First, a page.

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Latin American, Mexican
Smoky Chipotle Salsa with Pan-Roasted Tomatillos

Photo by: Christopher Hirsheimer
Comments: 3
 

Recipe

I’ve been smitten with chipotle salsa ever since the first time I tasted it on a crusty sandwich (cemita) in a Pueblan market stall thirty years ago. It’s three simple ingredients in perfect balance: the smoky spice of chipotle chilies, the lively sweet-edged tang of roasted tomatillo and the alluring complexity of roasted garlic. I like chipotle salsa spooned on practically everything except ice cream, though I’m particularly fond of it with grilled fish or chicken or beef or...here I go again.

Yield: Makes about 1 ¼ cups

Ingredients

  • 3 garlic cloves, peeled
  • 4 medium (about 8 ounces total) tomatillos, husked, rinsed and cut in half
  • 2 canned chipotle chiles en adobo (or more, if you like really spicy salsa)
  • Salt

Directions

Set a large (10-inch) nonstick skillet over medium-high heat (if you don’t have a nonstick skillet, lay in a piece of foil). Lay in the garlic and tomatillos (cut side down). When the tomatillos are well browned, 3 or 4 minutes, turn everything over and brown the other side. (The tomatillos should be completely soft.)

Scoop the garlic and tomatillos into a blender jar or food processor, along with the chiles and ¼ cup of water. Process to a coarse puree. Pour into a salsa dish and cool.

Thin with a little additional water if necessary to give the salsa an easily spoonable consistency. Taste and season with salt, usually a generous ½ teaspoon.

Notes

Riffs on Chipotle Salsa:

You can replace the tomatillos with roasted tomatoes (two 4-ounce plum tomatoes, toasted like the tomatillos, or half a drained 15-ounce can of fire-roasted tomatoes), but keep in mind that the tomato will tip the flavor toward sweet rather than tangy. A little cilantro, fresh thyme or parsley is always welcome, as is green or white onion – especially if it’s grilled. A splash of mescal (or the less-smoky tequila) makes a borracha (drunken) salsa that’s dynamite. Instead of pureeing the chiles, you can finely chop them and add them to the pureed (green) base; they’ll show up as a little red flecks, and the salsa will be less smoky.

Easy Chipotle Sauté:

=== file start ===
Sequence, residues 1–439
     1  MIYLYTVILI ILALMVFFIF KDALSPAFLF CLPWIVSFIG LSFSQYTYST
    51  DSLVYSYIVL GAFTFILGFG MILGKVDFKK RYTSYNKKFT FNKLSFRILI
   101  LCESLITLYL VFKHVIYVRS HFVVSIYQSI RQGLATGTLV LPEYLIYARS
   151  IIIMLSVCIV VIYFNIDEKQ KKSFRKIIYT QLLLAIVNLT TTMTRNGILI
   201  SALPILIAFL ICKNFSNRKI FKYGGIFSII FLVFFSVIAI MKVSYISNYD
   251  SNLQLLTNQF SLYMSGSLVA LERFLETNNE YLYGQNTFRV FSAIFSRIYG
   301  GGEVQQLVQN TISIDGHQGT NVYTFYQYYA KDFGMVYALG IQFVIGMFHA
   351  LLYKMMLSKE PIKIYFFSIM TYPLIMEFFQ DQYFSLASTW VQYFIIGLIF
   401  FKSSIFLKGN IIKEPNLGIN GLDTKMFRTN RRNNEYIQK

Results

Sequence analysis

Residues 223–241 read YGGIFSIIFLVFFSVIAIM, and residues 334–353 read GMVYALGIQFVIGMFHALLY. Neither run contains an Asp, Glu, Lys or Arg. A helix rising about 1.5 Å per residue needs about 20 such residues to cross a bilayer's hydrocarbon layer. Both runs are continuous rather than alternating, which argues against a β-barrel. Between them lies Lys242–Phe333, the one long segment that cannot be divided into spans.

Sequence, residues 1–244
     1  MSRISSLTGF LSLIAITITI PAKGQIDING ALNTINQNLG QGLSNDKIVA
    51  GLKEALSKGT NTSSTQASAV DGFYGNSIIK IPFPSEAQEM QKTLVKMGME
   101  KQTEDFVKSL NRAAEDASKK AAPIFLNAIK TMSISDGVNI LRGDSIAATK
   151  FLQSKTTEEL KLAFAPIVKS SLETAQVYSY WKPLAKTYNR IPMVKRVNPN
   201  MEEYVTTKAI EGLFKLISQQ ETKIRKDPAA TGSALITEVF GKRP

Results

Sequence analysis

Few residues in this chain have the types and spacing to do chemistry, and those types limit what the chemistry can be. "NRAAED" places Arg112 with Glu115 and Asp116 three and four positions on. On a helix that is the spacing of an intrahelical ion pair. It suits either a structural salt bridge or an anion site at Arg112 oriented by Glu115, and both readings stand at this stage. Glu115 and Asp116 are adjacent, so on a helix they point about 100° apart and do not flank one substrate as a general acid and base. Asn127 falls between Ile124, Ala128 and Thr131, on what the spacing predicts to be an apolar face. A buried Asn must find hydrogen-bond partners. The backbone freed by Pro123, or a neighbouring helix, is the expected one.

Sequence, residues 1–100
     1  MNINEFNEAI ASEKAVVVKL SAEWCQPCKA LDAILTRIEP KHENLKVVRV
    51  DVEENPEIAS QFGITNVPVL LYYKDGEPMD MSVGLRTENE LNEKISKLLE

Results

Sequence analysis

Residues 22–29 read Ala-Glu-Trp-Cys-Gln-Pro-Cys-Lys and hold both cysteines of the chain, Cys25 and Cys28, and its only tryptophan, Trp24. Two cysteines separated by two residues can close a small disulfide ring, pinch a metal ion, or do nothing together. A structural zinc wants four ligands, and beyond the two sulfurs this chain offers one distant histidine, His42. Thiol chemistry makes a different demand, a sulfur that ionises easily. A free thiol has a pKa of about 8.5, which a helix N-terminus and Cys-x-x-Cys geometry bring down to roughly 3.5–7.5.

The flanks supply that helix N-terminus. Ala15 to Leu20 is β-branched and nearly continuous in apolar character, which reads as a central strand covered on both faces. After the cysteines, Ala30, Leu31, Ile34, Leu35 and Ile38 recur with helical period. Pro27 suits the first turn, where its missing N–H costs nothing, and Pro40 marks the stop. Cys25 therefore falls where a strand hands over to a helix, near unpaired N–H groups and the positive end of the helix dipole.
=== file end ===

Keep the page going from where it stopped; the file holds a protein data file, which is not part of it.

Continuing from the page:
In a very large (12-inch) skillet, sauté 1 sliced white onion with 1 to 1 ¼ pounds cubed boneless chicken breast, pork tenderloin, steak, shrimp or firm tofu until well browned. Add the salsa and stir-fry until everything is done as you like, dribble in a little water if the sauce is too thick for you. This is really good sprinkled with chopped cilantro.


© 2009 Rick Bayless
 

Nutritional Information

Nutrients per serving (% daily value)

Nutritional information is based on 5 servings and includes 1/2 teaspoon of added salt.

14kcal (1%)
236mg (10%)
3g
1g
0g (1%)
0g
0g (0%)
0g
0g
0mg (0%)
1g
0g
7mg
148mg
4mcg RAE (0%)
7mg (12%)
6mg (1%)
0mg (1%)
 

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  • kararota

    05.01.14 Flag comment

    Dear @jlese1, thank you so much for the kind words, and for your sharp reading!

    All best,
    Kara Rota
    Director

  • jlese1

    05.01.14 Flag comment

    TYPO ALERT:
    Scoop the garlic and tomatillos into a blender jar or food processor, alone with the

    "Alone" should be along.

    This recipe looks awesome.

    Compliment: I really appreciate the nutritional info given with all recipes. I follow a low sodium food plan and need to know what is in what I eat.

  • glorygone

    05.05.10 Flag comment

    Awesome, but cut the chipotle peppers measurement in half, to keep the salsa from being too hot.

    Used this salsa on pulled pork lettuce tacos, and it was spectacular.

    We cut the calories by using lettuce to wrap the tacos instead of flour tortillas, and the lettuce cooled off the bite of the chipotle salsa.

    Thank you, thank you, thank you.

    Great Cinco De Mayo salsa, or for that matter, for any day!!!

 

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